Feminist Critical Race scholars have long been attentive to the costs of reducing difference to “diversity” and racism to a problem of “inclusion.” In the 1980’s Chandra Talpade Mohanty (1989) pointed out that when difference is “defined as asymmetrical and incommensurate cultural spheres situated within hierarchies of domination and resistance,” difference “cannot be accommodated within a discourse of ‘harmony and diversity’” (181). Absorbing people into pre-existing communities like cities, nations, states, or institutions without “challenging the naturalized legitimacy and status of [those communities] as a communit[ies]” (Ang 1995, 180), does nothing to disrupt the systemic violence that allows for them to remain uninterrogated. It also does nothing to undermine the structural, cultural and direct forms of violence, including genocide, dispossession and exclusion, that brought them into being in the first place.
To be included into any combination of these un-interrogated communities often glosses over the structural, systemic and intersectional nature of the racism, sexism and classism that persists within them. Rather than imagining new realities, this kind of inclusion ends up reinforcing the white, non-reproductive, atomized individual as the dominant norm around which everything from the workday to personal priorities are expected to be structured and reinforces heteropatriarchal social scripts and family forms. It also perniciously disavows and erases the ways that racism plays out in the context of everyday life when the experiences of those who are racialized and othered are measured by their proximity to instances of discrimination that mirror those experienced by non-racialized people through pretences to “claimed solidarity” (Ang 1995, 181).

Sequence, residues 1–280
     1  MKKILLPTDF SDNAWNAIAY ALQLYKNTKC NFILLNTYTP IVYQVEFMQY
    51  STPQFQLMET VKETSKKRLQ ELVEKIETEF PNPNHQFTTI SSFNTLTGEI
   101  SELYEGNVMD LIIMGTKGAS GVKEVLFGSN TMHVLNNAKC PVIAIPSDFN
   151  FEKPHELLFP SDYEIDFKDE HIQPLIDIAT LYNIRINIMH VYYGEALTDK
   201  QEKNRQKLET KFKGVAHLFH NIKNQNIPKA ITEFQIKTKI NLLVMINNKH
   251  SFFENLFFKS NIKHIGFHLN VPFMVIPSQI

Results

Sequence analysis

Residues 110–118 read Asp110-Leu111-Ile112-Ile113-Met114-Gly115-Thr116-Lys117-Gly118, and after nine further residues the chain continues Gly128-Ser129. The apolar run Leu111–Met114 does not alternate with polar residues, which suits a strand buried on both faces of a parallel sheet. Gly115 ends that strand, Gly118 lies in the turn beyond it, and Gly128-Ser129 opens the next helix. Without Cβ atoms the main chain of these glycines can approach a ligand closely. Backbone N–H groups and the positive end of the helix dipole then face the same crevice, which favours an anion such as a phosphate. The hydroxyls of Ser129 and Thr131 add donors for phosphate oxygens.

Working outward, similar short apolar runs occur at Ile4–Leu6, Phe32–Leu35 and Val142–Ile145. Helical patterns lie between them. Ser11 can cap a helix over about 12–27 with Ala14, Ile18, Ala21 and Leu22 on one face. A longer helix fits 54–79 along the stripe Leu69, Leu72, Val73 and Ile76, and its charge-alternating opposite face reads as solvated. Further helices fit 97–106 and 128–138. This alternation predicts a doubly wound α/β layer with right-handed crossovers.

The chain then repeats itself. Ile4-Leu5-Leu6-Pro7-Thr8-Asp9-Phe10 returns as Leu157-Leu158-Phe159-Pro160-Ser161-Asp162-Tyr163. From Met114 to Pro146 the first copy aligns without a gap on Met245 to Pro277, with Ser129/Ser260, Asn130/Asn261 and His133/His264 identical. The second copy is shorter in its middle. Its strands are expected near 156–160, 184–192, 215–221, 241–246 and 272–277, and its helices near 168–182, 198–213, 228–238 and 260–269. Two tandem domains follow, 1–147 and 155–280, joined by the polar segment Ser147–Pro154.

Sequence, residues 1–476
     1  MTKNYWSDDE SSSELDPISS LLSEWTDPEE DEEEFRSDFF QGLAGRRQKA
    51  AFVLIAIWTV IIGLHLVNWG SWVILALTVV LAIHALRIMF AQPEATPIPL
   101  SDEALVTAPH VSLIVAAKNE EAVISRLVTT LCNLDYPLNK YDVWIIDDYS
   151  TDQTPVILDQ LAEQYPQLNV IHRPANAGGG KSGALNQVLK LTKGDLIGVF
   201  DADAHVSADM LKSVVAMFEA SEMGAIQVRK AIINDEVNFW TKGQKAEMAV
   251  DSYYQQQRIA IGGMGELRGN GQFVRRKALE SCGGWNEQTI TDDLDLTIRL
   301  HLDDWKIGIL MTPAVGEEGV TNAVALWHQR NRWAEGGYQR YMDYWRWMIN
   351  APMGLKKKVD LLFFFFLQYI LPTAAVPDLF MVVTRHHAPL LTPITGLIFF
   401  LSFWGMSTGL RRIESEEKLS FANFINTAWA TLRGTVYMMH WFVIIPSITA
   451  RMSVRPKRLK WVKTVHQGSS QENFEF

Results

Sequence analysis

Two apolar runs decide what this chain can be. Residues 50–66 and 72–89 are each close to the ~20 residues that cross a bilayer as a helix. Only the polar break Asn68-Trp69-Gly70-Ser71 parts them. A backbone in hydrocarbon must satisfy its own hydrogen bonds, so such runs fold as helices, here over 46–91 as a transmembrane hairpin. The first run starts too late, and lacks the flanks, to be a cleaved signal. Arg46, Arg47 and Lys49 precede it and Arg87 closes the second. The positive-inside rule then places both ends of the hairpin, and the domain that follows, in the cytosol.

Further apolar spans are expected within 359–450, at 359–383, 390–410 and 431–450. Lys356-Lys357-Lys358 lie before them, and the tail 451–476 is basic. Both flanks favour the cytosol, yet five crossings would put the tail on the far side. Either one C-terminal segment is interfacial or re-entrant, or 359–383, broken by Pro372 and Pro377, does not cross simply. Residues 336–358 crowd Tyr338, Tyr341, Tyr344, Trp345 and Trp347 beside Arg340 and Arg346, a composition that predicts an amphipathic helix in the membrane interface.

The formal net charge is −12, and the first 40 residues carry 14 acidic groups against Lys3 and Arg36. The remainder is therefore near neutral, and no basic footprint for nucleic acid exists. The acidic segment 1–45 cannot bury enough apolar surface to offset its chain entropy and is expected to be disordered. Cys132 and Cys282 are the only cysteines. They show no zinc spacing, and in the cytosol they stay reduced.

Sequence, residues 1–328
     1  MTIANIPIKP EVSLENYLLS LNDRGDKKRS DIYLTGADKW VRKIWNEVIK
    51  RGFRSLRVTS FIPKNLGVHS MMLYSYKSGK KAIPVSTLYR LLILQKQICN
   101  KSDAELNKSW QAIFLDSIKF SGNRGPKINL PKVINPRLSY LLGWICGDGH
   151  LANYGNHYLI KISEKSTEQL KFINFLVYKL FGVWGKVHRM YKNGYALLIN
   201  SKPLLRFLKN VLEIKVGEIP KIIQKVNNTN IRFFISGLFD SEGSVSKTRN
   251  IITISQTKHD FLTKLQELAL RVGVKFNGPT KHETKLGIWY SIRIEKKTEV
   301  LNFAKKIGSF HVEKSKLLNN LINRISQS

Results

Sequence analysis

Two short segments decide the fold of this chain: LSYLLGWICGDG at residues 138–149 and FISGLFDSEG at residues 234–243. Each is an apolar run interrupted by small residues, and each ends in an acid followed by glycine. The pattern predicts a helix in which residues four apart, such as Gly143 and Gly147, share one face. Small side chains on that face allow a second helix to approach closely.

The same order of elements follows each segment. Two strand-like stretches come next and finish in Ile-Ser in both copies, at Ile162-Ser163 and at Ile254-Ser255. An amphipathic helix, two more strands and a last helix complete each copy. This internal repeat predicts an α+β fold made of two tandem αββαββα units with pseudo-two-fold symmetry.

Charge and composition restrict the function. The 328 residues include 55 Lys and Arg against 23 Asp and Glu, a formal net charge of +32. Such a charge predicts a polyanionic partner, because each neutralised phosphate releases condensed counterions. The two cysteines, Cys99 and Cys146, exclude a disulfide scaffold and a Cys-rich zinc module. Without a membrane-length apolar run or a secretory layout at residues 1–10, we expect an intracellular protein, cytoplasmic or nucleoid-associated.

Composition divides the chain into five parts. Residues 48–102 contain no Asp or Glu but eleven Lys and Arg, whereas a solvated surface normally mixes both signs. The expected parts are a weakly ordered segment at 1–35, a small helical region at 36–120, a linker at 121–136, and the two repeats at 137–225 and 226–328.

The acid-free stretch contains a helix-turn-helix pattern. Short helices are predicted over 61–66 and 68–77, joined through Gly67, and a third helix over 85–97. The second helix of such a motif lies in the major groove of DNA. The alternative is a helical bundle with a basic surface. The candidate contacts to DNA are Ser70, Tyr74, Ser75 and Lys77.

Identity politics and ally-ships can thereby also be problematic. Sometimes, the collective can be invoked in ways that efface the individual by eclipsing the contexts and specificities of personal experience; at others, the individual can be overemphasized to the exclusion of the collective. Crenshaw (1989) has pointed to the ways that identity politics often obscure intra-group differences thereby erasing the intersectional failures that are the result of anti-racist organizing that does not address sexism and conversely feminist organizing that fails to address racism. The invisibility of intra-group difference and the tendency to either reduce experience to only a single-axis of oppression or have the individual stand in for the collective in ways that erase the structural and systemic nature of intersecting forms of oppression, reproduces rather than challenges, erases rather than acknowledges, the particularities that contribute to the overarching structures of racism. It is our contention that one need not erase or efface the other. Each personal experience in this volume is unique and qualitatively different. Each academic analysis focuses on the structural and systemic issues that shape many of these personal experiences. Together, they show the structural, systemic and interdependent nature of intersecting forms of racist violence that both uphold and are upheld by other forms of violence, oppression and discrimination. This is the intersectional nature of the racisms that are discussed in this volume.
Intersectionality as a concept has not only become foundational to feminist theory and praxis as a way to describe interlocking forms of racist violence, it has also crossed borders making appearances within and in-between multiple legal jurisdictions, theoretical planes, and geographic locations (Hodes 2017, 71). As Kimberlé Crenshaw has noted:
In every generation and in every intellectual sphere and in every political moment, there have been African American women who have articulated the need to think and talk about race through a lens that looks at gender, or think and talk about feminism through a lens that looks at race (quoted in Adewumni 2014, n.p.).